National Roundup

Timber group suesover ­expansion of monument land

MEDFORD, Ore. (AP) - A timber industry group has joined a growing list of entities challenging the legality of former President Barack Obama's expansion of the Cascade-Siskiyou National Monument.

The Mail Tribune reports the American Forest Resource Council filed a lawsuit Friday asking a federal court to invalidate the expansion. It's the third federal lawsuit filed in the case since February.

Before leaving office, Obama added 48,000 acres to the monument in southwestern Oregon to protect its biodiversity.

The council says the land is dedicated to timber production under the O&C Lands Act. The group claims Obama went against a 1940 Department of the Interior legal opinion stating O&C lands can't be pulled from production.

The Oregon Association of O&C Counties and the lumber group Murphy Co. have also challenged the monument expansion.

Jury awards 7 million in case of whistleblower

BOISE, Idaho (AP) - A former Ada County employee who filed a whistleblower lawsuit alleging he was retaliated against and wrongly fired has been awarded $1.7 million.

The Idaho Statesman reports Rich Wright's attorney says a jury awarded the money to his client Tuesday.

Wright had been the head of the county Department of Administration before he was fired in 2013.

Wright claimed he was terminated by the Board of Commissioners for launching an investigation into one of his employees for harassment. Wright's lawsuit claims the employee had been a close friend of two county commissioners.

A district judge initially dismissed the case, saying Wright's claims didn't fall under the Whistleblower Act.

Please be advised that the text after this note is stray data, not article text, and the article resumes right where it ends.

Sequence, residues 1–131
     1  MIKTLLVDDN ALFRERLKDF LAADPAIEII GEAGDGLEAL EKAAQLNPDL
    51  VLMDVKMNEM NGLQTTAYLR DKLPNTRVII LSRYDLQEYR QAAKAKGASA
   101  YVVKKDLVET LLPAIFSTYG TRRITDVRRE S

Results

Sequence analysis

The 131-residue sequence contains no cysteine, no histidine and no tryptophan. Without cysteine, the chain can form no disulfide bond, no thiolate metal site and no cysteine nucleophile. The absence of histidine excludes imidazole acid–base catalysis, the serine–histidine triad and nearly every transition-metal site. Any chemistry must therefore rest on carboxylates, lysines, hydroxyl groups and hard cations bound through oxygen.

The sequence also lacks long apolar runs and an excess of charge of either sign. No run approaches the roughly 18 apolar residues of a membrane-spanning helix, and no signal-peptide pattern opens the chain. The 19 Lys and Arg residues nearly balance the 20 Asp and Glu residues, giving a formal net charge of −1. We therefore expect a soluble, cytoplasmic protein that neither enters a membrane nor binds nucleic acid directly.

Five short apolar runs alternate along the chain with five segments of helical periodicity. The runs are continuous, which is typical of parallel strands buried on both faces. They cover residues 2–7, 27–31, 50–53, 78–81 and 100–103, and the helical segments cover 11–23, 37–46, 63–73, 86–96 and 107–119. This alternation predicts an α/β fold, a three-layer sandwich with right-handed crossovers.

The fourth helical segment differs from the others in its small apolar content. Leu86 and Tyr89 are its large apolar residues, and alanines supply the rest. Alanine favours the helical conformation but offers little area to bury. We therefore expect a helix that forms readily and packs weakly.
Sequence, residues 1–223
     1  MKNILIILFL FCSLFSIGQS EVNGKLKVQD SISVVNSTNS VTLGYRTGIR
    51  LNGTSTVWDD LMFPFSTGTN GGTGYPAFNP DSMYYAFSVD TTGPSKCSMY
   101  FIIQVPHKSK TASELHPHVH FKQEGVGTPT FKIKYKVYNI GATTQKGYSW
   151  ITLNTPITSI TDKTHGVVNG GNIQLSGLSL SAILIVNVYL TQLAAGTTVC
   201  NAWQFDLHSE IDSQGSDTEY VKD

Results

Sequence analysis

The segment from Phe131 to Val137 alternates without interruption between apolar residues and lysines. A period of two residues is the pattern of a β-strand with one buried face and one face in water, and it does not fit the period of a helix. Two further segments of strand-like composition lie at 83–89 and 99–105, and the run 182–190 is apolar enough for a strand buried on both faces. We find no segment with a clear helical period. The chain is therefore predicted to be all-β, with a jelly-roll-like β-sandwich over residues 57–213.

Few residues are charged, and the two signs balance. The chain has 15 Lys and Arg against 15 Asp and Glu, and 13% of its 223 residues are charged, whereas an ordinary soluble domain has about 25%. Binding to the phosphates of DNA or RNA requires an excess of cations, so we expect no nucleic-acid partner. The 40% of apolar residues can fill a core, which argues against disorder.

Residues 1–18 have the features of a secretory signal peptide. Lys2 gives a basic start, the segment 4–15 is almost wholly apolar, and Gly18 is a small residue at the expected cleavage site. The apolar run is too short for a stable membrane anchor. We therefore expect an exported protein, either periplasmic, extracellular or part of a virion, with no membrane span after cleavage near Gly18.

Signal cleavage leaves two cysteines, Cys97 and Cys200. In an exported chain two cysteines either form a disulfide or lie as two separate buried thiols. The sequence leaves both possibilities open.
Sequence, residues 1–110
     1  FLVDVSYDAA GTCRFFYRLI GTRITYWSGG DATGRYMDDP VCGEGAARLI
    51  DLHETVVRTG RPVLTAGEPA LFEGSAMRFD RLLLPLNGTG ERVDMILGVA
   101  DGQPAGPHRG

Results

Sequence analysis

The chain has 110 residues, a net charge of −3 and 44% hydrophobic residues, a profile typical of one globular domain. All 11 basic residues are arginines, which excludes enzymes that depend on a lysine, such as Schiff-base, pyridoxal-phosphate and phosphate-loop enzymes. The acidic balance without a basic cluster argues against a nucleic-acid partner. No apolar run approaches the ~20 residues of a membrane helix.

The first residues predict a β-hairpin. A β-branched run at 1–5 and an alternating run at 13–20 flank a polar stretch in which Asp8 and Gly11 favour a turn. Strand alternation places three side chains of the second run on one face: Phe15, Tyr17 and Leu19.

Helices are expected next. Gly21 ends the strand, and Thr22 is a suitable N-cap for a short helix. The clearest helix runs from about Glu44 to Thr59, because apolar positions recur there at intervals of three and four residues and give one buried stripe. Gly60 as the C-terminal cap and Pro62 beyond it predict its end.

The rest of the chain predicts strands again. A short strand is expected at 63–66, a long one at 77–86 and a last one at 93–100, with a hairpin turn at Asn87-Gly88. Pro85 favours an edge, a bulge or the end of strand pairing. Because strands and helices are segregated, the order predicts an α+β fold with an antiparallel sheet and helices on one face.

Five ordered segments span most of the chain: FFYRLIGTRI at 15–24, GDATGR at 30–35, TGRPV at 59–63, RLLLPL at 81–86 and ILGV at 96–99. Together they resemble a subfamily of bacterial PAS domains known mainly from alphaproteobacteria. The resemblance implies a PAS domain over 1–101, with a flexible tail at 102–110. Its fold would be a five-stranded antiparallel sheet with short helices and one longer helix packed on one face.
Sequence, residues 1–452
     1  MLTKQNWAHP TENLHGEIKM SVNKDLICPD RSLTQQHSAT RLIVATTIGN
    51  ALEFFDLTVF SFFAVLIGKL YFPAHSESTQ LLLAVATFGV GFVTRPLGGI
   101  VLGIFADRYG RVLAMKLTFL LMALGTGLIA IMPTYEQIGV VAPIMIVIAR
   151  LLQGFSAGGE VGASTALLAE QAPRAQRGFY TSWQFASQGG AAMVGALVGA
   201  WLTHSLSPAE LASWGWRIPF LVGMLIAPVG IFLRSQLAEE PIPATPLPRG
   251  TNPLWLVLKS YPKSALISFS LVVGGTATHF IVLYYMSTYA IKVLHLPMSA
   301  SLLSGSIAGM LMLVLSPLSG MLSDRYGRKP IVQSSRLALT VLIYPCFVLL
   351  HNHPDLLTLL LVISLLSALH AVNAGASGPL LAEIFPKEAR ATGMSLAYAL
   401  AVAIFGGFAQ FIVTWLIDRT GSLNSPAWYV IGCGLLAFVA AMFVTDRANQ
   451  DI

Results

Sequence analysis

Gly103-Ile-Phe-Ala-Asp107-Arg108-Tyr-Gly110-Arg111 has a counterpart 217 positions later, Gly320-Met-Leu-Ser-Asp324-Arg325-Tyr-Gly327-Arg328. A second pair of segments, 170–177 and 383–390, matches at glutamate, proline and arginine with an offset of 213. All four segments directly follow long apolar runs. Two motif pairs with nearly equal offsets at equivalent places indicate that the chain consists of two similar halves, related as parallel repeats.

But Wright appealed, and the Idaho Supreme Court sent the case back to trial court.

Ada County officials have said Wright's termination came as part of a restructuring of the department.

Judge cuts prison term for ex-NYPD cop in drug deal

FORT LAUDERDALE, Fla. (AP) - A former New York Police Department officer will spend less time in prison for taking part in a $200,000 Florida cocaine deal.

A federal judge in Fort Lauderdale agreed Tuesday to cut three years from 30-year-old Phillip LeRoy's 10-year sentence.

LeRoy pleaded guilty to a drug trafficking conspiracy charge in 2015. He admitted providing security and carrying his off-duty gun for a drug deal to bring 22 pounds of cocaine from Florida to New York. The deal turned out to be a U.S. Drug Enforcement Administration sting operation.

According to a Sun Sentinel report, prosecutors said Leroy provided information that helped investigators figure out how the drug ring operated.

LeRoy had been "Cop of the Year" twice in his precinct. He apologized Tuesday for "embarrassing the law enforcement community and the NYPD."

High court puts ruling on rapist's sentence on hold

COLUMBUS, Ohio (AP) - The Ohio Supreme Court has put on hold its decision overturning a convicted rapist's 112-year prison sentence.

In a 5-2 ruling Wednesday, the court agreed with a prosecutor's request to delay the case while an appeal is made to the U.S. Supreme Court.

The Mahoning County Prosecutor's Office wants the high court to take up the case of the 2008 sentence given to Brandon Moore for crimes committed when he was 15.